Achieving a lower stroke count per length (SPL) may indicate that you are improving balance, stability, and reducing drag.

But this does not complete the picture – you need to partner that metric with a reading on energy expense too…

2) Improved ease. This is subjective body awareness. This means sensing and controlling how much effort you apply (physically and mentally!). You are improving when you find yourself going farther at the same level of effort, or better, going farther with less effort.

It is not enough that you can achieve longer strokes, but that those longer strokes are actually easier to produce than your previously short ones.

When the stroke tempo slows there is more time available for each stroke cycle. How will you use that extra time?

The whole stroke cycle has a repeating series of phases:

  1. Extension to setting the Catch.
  2. Catch and Hold.
  3. Exit and Recovery.
  4. Entry and Extension to Target.

How will you distribute that extra time within each phase?

You have two things you can control: speed of movement and force/pressure behind that movement. Just slowing things down only accounts for the first. You need to adjust both.

Work on extending the Catch and Hold phase – imagine starting the Catch a few millimeters farther in front to increase the distance you will perform the Catch and Hold. Though moving slightly slower, maintain firm pressure on the water, and distribute that press evenly from start to finish in the Catch and Hold phase. Pay more attention to getting a good ‘grip’ on the water, placing the palm and forearm on what we might call the ‘pilates ball of water molecules’ – that high pressure zone formed behind the arm. This is what you press on to slide the body forward. And beware of sculling – it is a sign your hand is slipping from this grip (just like a sculling kayak paddle is undesirable) – correct the coordination between your rotation timing and your catch to fix this.

Resist pausing the recovery arm in an attempt to slow down the stroke. Keep a steady forward swing of the elbow combined with  a steady slide of the shoulder joint, from hand exit to hand entry, so that you can take advantage of its momentum as you spear and drive energy forward into the water. Increase relaxation in the muscles of that Recovery Arm – you now have the time to pay attention to it. Tension is your enemy in this context.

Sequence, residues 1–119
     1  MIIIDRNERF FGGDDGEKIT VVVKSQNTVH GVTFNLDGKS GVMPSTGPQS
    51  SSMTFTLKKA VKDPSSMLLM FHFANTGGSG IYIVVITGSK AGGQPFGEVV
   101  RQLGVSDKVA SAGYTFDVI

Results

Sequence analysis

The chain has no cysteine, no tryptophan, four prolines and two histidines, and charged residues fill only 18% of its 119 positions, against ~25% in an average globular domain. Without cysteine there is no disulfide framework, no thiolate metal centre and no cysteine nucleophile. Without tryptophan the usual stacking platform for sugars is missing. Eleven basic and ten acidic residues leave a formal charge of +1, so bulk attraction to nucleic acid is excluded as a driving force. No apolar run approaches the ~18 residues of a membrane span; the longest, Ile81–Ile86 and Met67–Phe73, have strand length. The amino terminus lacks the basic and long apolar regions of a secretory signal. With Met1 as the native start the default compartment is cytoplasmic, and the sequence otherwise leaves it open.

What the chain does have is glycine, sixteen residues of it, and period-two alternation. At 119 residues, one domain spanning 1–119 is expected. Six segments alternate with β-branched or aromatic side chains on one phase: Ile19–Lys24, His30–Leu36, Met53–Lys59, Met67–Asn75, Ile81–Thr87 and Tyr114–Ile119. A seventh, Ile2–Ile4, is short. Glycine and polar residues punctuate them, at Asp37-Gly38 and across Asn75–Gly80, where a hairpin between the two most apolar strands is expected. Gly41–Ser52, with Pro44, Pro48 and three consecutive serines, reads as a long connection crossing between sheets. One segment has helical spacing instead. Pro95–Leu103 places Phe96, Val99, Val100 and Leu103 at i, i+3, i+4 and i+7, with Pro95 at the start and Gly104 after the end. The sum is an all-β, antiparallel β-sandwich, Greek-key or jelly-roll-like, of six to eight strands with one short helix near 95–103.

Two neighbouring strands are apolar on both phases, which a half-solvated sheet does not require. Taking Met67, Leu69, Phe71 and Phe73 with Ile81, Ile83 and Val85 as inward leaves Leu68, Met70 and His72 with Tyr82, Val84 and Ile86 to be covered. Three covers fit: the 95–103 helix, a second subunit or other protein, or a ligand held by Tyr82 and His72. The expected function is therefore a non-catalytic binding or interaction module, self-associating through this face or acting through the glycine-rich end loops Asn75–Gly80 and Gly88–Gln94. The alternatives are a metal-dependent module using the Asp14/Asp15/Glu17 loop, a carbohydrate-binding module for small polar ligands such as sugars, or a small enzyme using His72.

Hold a long, stable body line – Skate Position – just like a speed skater would step onto her strong sharp blade and smoothly drive her energy forward through that blade to the surface of the ice. The Patient Front Arm, waiting for the Recovery, is the front end of to that long, stable speed-skate-like body line.

And, this Patient Front Arm sets you up for a truly high level skill – asymmetric stroke timing, which is what allows you to control and adjust stroke length on command, under Tempo constraints. This is the basis of ‘gears’ in your swimming stroke, like you have on your bicycle. Let your brain learn to execute asymmetric stroke timing first in slow motion strokes, then you can learn to use it in moderate, and then learn to use it in high tempo strokes.

Overall, discipline yourself to solve the imbalance and instability problem with improved body position control and relaxation (those are actually complementary, not contrary), rather than with more force. You will strive to maintain forward momentum at slower Tempos, but do it with shape, rather than power. Solving the problem this way produces marvelous results in your swimming, at any speed.

Recall what I mentioned occasionally: physics shows us there are two ways to solve the speed problem:

1) Increase force to overcome water resistance
2) Decrease water resistance to decrease the amount of force required

And I ask again, which path do you want to follow to faster swimming?

Swimming at slower tempos gives you the opportunity to learn the skills for swimming faster with more ease, by exposing the major wasters of your energy: imbalance and instability. But you access that opportunity only if you understand how to work at those slower Tempos. The key is what and how you practice – what you train inside the brain and inside the body. What you see on the outside is mostly a product of what has happened on this inside. If you do understand this, then you may step into the process of learning how one becomes a faster swimmer by swimming at slower Tempos.


View the whole Metrics Series: